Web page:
The corona virus pandemic has exposed the country’s weak governance systems. Delegates who attended the Public Opinion Space echoed these sentiments highlighting how much of a threat the pandemic is.
The meeting was facilitated by Women’s Institute for Leadership Development (WILD) so as to interrogate the Leadership void in Zimbabwe’s Health Sector amid the COVID-19 crisis.
Over the past weeks President Emmerson Mnangagwa sacked Health Minister Obadiah Moyo who was charged with corruption over illegally awarding a multi-million-dollar contract for medical equipment, leaving the Ministry without leadership at a time when the country is battling with the scourge of the COVID-19.
Dr Bekezela M Ndhlovu, a Senior Medical Officer at Mpilo cited that there is a challenge of inadequate intentional training of on-the-ground staff. Dr Ndhlovu said that there is no clear working protocol for COVID-19 front line healthcare workers.
“Health care workers have been affected by COVID-19 and concerns have been on protection and the screening of members of staff as they enter and leave the hospital,” Dr Ndhlovu added. “The availability of personal protective equipment (PPE) which may be in the form of face masks and suits have not been readily available.”
Speaking during the Public Opinion Space, Honourable Dr Ruth Labode, who is Chairperson of the Parliamentary Portfolio Committee on Health and Child Care highlighted that the lack of a Minister should not affect delivery of health services.
“When we had a fully fleshed Minister and Permanent Secretary, we nearly lost 20 million. If the Acting Permanent Secretary has got his integrity and wants to do the right thing, he can do it and manage the system. The Ministry has systems; there is a director for disease control, the director for SRH. All these directors are very competent if they come together and choose to work together, they will perform wonders,” said Labode.
“COVID-19 has nothing to do with an Acting Minister or Acting Permanent Secretary. It simply has to do with poor remuneration of doctors, poor health services for citizens, lack of medication in hospitals,” added Labode.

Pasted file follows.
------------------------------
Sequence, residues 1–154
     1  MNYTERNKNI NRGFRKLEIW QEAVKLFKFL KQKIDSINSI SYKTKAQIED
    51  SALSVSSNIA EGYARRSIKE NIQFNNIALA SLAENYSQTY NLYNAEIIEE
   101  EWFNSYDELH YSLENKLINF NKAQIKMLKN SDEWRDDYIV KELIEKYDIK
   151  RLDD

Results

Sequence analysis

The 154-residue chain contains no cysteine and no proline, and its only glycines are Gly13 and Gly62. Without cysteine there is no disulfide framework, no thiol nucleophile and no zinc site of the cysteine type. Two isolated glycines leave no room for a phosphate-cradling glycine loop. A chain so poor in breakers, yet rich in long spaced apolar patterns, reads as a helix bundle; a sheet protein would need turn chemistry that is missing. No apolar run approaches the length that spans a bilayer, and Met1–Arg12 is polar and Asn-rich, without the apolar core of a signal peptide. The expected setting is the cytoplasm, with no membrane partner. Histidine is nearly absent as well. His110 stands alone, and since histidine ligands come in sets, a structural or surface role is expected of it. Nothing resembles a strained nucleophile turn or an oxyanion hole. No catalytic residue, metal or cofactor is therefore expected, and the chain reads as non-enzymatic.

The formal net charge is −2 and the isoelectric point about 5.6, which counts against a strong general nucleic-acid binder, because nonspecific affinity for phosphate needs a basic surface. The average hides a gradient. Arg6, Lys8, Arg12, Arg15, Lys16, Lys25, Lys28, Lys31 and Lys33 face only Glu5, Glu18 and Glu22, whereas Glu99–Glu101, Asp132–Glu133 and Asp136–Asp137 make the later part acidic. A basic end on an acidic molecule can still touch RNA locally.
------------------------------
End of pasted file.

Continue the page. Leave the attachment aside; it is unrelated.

According to Janah Ncube a trustee from I am 4 Byo- Fighting COVID-19, government has invested money to address the infrastructural challenges. A lot of basic infrastructure is being replaced and that is the process that has been carried out since it was declared a COVID-19 facility.
“The bulk of the work has since been completed, regarding preparing the health facility as it was declared as a suitable place to attend to COVID-19 patients,” said Ncube. “60% of the work has been completed although there is significant effort that still needs to be put in ensuring that Ekusileni Medical Centre can begin operations. One of the outstanding aspects has been the recruitment of staff at the medical facility.”
Ncube said: “I am 4 Bulawayo – Fighting COVID 19 assured citizens that resources acquired through the trust will be accounted for.
“We have a board of trustees that regularly keeps stakeholders informed so that there is transparency,”she said.
Buhle Nkomo, one of the attendees at the virtual meeting said local leaders must have a tangible mechanism for accountability
Dr Ruth Labode also implored the Ministry of Finance and Economic Development to set aside funding that will cater for vulnerable urban dwellers who are often neglected.
Source: Women’s Institute for Leadership Development (WILD)